987 (6495): Vladimir summoned together his vassals and the city elders, and said to them: "Behold, the [Volga] Bolgars came before me urging me to accept their religion [ID]. Then came the Germans [ID] and praised their own faith [Catholicism]; and after them came the Jews [most likely rabbis from the receding Khazar khaganate (ID)]. Finally the [Eastern Orthodox] Greeks appeared, criticizing all other faiths but commending their own, and they spoke at length, telling the history of the whole world from its beginning. Their words were artful, and it was wondrous to listen and pleasant to hear them. They preach the existence of another world. 'Whoever adopts our religion and then dies shall arise and live forever. But whosoever embraces another faith, shall be consumed with fire in the next world.' What is your opinion on this subject, and what do you answer?" The vassals and the elders replied: "You know, O Prince, that no man condemns his own possessions, but praises them instead. If you desire to make certain, you have servants at your disposal. Send them to inquire about the ritual of each and how he worships God." Their counsel pleased the prince and all the people, so that they chose good and wise men to the number of ten, and directed them to go first among the Bolgars and inspect their faith. The emissaries went their way, and when they arrived at their destination they beheld the disgraceful actions of the Bolgars and their worship in the mosque; then they returned to their own country. Vladimir then instructed them to go likewise among the Germans, and examine their faith, and finally to visit the Greeks. They thus went into Germany, and after viewing the German ceremonial, they proceeded to Constantinople where they appeared before the emperor. He inquired on what mission they had come, and they reported to him all that had occurred. When the emperor heard their words, he rejoiced, and did them great honor on that very day.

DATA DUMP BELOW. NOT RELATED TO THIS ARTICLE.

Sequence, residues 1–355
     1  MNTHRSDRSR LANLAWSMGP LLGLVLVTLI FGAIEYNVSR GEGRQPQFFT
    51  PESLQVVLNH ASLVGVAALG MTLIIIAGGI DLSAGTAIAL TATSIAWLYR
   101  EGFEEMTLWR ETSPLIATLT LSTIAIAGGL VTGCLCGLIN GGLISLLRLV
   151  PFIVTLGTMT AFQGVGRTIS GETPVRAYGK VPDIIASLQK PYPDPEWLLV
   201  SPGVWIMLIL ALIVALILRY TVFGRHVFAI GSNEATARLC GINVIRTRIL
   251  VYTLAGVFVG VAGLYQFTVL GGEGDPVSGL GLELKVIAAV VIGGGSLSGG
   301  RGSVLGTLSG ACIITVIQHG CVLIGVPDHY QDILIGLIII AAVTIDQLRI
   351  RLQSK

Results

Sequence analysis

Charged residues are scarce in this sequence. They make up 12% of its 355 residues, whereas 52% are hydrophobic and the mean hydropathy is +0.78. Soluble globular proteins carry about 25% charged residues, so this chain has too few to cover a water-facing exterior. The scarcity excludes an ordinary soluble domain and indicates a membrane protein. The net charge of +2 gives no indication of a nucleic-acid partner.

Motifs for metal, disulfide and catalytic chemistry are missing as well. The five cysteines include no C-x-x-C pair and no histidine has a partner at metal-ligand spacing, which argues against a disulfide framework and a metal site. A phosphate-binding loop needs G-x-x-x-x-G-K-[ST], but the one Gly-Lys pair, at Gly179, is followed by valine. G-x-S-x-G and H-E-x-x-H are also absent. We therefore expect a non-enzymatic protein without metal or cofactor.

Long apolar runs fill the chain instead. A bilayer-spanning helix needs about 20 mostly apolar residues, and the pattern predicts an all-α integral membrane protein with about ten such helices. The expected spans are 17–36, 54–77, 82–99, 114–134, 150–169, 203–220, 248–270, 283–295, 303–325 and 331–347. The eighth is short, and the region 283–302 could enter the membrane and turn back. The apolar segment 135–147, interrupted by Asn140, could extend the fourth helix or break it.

On the morrow, the [Byzantine] emperor sent a message to the patriarch to inform him that a Russian delegation had arrived to examine the Greek faith, and directed him to prepare the church [Hagia Sophia (Greek for Holy Wisdom) W#1 | W#2 | W#3] and the clergy, and to array himself in his sacerdotal robes, so that the Russians might behold the glory of the God of the Greeks. When the patriarch received these commands, he bade the clergy assemble, and they performed the customary rites. They burned incense, and the choirs sang hymns. The emperor accompanied the Russians to the church, and placed them in a wide space, calling their attention to the beauty of the edifice, the chanting, and the offices of the archpriest and the ministry of the deacons, while he explained to them the worship of his God. The Russians were astonished, and in their wonder praised the Greek ceremonial. Then the Emperors Basil and Constantine invited the envoys to their presence, and said, "Go hence to your native country," and thus dismissed them with valuable presents and great honor. Thus they returned to their own country, and the prince called together his vassals and the elders. Vladimir then announced the return of the envoys who had been sent out, and suggested that their report be heard. He thus commanded them to speak out before his vassals. The envoys reported: "When we journeyed among the Bulgars, we beheld how they worship in their temple, called a mosque, while they stand ungirt. The Bulgarian bows, sits down, looks hither and thither like one possessed, and there is no happiness among them, but instead only sorrow and a dreadful stench. Their religion is not good. Then we went among the Germans, and saw them performing many ceremonies in their temples; but we beheld no glory there. Then we went on to Greece, and the Greeks led us to the edifices where they worship their God, and we knew not whether we were in heaven or on earth. For on earth there is no such splendor or such beauty, and we are at a loss how to describe it. We know only that God dwells there among men, and their service is fairer than the ceremonies of other nations. For we cannot forget that beauty. Every man, after tasting something sweet, is afterward unwilling to accept that which is bitter, and therefore we cannot dwell longer here." Then the vassals spoke and said, "If the Greek faith were evil, it would not have been adopted by your grandmother Olga [ID], who was wiser than all other men." Vladimir then inquired where they should all accept baptism, and they replied that the decision rested with him.